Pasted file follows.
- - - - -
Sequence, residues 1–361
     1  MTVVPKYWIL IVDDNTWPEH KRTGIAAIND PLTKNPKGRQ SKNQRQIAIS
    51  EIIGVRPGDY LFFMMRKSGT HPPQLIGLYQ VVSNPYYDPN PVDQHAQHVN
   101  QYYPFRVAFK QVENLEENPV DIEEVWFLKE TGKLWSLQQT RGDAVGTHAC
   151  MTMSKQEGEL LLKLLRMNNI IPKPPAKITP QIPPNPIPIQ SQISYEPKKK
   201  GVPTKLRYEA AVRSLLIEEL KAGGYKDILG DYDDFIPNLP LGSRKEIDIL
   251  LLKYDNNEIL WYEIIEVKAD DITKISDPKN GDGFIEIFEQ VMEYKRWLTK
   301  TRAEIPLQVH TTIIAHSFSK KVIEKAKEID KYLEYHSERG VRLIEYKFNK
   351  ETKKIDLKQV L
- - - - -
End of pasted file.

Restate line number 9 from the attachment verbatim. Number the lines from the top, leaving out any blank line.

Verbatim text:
   351  ETKKIDLKQV L